Safe & Healthy Adoption

This page is under construction. But as a start, take a read over this before going to meet a potential animal. It's just a quick reference guide, not an alternative to pet care, but just a quick and dirty to evaluate if the pet you're adopting is healthy.

How to Tell if a Cat or Dog May Need Veterinary Care

This information sheet is designed to help non-veterinary shelter staff evaluate the health of cats and dogs. Its not a comprehensive guide and will not give you all the answers, but it lists the more common signs of health and illness in dogs and cats. Also, its not meant to replace veterinary care or advice, but only to help you decide if a cat or dog may need veterinary assistance.

The best way to evaluate the general health of a cat or dog is to give the animal a thorough nose-to-tail examination. Ask a friendly veterinarian or vet tech from your community to come to your shelter and train you and other staff. Then establish your own routine, and thoroughly and methodically examine each animal using the same series of steps each time. That way, you wont overlook some of the more subtle yet often serious health conditions often missed with a quick once-over. Dogs and especially cats can hide illnesses or other ailments, so try not to let them fool you!
Use the checklist below when evaluating animals after they first come in to the shelter. And don't forget to observe animals for signs of health problems during their entire stay such as when you're cleaning or just giving the animals a little TLC. To make sure staff observations are recorded systematically, your shelter may wish to develop a health report card that accompanies the animal during his or her stay at the facility.
NORMAL RANGES FOR TEMPERATURE, HEART RATE, AND RESPIRATORY RATE
FOR HEALTHY CATS AND DOGS
Temperature (rectal) 100102.5 Fahrenheit
Heart rate (at rest)
Large dogs 80100 beats/minute
Medium dogs 100120 beats/minute
Small dogs and cats 120180 beats/minute
Respiratory rate (at rest) 1626 breaths/minute


EYES

GOOD SIGNS

  • clean

  • clear and bright

  • responsive to visual stimuli
WARNING SIGNS

  • watery

  • red

  • filmy

  • cloudy

  • discolored

  • dry

  • inflamed (swollen)

  • hypersensitive to light

  • pupils are unequal in size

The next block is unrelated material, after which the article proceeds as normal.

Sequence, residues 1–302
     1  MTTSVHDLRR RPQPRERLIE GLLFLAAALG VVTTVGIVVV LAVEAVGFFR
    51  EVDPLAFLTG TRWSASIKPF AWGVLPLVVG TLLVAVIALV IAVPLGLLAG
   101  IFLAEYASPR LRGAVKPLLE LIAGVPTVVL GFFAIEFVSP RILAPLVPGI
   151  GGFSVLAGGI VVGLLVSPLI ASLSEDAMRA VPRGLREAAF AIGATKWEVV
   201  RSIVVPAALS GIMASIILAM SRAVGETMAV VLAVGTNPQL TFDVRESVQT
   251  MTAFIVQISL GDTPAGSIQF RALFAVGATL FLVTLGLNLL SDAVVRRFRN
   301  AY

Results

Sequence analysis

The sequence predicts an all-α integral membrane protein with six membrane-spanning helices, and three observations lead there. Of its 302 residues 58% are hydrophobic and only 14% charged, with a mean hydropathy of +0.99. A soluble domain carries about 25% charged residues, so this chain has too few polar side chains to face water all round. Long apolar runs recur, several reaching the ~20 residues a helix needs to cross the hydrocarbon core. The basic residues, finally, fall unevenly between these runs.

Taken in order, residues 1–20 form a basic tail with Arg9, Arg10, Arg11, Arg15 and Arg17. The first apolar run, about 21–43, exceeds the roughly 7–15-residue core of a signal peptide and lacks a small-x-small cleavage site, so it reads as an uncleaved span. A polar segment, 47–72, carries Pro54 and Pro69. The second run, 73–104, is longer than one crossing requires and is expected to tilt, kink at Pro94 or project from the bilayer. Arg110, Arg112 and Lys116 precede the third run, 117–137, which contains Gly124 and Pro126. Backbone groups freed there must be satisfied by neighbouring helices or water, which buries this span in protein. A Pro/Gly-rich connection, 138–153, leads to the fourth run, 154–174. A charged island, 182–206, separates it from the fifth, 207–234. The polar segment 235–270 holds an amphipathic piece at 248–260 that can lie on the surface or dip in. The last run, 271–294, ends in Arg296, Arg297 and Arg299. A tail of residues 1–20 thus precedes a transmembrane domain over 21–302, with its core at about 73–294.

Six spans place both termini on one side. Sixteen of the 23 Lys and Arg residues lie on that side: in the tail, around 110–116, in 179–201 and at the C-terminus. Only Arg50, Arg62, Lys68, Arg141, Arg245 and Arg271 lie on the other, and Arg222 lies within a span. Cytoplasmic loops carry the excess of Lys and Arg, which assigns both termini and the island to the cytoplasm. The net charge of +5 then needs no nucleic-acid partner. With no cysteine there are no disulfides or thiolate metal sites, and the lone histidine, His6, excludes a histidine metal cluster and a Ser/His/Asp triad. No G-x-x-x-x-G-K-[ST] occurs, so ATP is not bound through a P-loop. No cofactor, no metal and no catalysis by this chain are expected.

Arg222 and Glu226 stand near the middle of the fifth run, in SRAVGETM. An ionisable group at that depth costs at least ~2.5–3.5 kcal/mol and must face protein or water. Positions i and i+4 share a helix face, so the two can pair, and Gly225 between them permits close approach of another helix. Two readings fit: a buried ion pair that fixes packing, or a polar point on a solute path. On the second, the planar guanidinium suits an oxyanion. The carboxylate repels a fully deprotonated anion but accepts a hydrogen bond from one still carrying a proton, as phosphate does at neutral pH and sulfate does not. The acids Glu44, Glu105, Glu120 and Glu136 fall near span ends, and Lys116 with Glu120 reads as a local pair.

• pupils are overly dilated or overly constricted

  • showing third (or middle) eyelid

  • showing discharge

  • itchy (animal rubs at eyes)

  • painful (animal squints)

EARS

GOOD SIGNS

  • clean (both outer ear and canal)

  • pink and clean (inner ear)

  • responsive to noise
WARNING SIGNS

  • showing discharge (waxy or other)

  • crusty red or inflamed (canal is swollen/thickened)

  • hair around ear is matted

  • scabbed

  • fly-bitten

  • itchy (animal scratches ear or shakes head)

  • foul odor

  • painful (animal cries when ear is touched)

NOSE

GOOD SIGNS
  • clean free of discharge
WARNING SIGNS
  • scabbed
  • showing discharge (clear, mucous, blood, or pus)
  • crusty
  • cracked
  • congested or blocked

MOUTH

GOOD SIGNS
  • free of odor
  • teeth are clean
  • gums are pink
  • gums have good
  • capillary refill time (pink gum color returns within 1-2 seconds after being pressed with finger)
  • animal appears to swallow normally
WARNING SIGNS
  • unusually red or pale dry
  • salivating (animal is drooling)
  • foul odor not caused by food
  • foreign bodies
  • showing discharge
  • swollen or inflamed
  • gums are pale, white, purple, or inflamed
  • teeth are loose, pitted, broken, or tartar-covered
  • animal has trouble swallowing

BREATHING/ RESPIRATION

GOOD SIGNS
  • respiration is regular
  • respiration sounds clear
  • respiration rate is normal
WARNING SIGNS
  • breathing is irregular, rapid, shallow, or labored
  • animal is sneezing, coughing, wheezing
  • moist lung sounds
  • breathing is through open mouth

SKIN/HAIR

GOOD SIGNS
  • coat is bright, and glossy
  • coat appears well-groomed
  • skin is clean, free of oil
  • skin is free of swelling, lumps, and lesions
WARNING SIGNS
  • coat is dull
  • coat is oily, dirty
  • coat shows areas of
  • hair loss or thinning
  • hair is matted
  • skin is dry or flaky
  • skin shows swelling, lumps, or lesions
  • skin is scabbed
  • skin is red, irritated
  • animal has fleas, ticks, lice, or other

LEGS/FEET

GOOD SIGNS
  • legs support weight evenly (no limp)
  • pads are clean and smooth
  • nails are healthy-looking
WARNING SIGNS
  • animal favors one leg (limps)
  • animal has limited motion
  • animal is weak or uncoordinated
  • joint feels tender
  • pads are cracked or hard
  • pads have matted hair between them
  • nails are long, short, or ingrown
  • legs show swelling, lumps, or lesions

ANAL/GENITAL

GOOD SIGNS
  • area is clean and free of discharge
  • stool is normal
WARNING SIGNS
  • area has discharge
  • stool is watery or bloody
  • animal is constipated
  • area around anus shows swelling or lumps
  • one or both testicles are not descended (not in scrotum)
  • one testicle is harder and/or larger than other

GENERAL APPEARANCE

GOOD SIGNS
  • animal is bright, alert, and responsive (BAR)
  • skin is elastic (springs back immediately after being raised)
  • animal is balanced, coordinated
  • temperature is normal
  • animal is interested in surroundings, oriented
WARNING SIGNS
  • animal is very thin or obese
  • animal has wounds or abscesses
  • animal has swelling, lumps, or bumps
  • animal appears to have umbilical hernia
  • mammary glands are swollen or oozing discharge
  • skin does not spring back (animal is dehydrated)
  • animal appears uncoordinated
  • animal tilts head
  • animal repeatedly circles
  • abdomen is bloated
  • temperature is abnormal
  • animal appears lethargic
  • animal appears hyperactive
  • animal appears disoriented
Courtesy of
HSUS
www.hsus.org
Animal Sheltering Magazine

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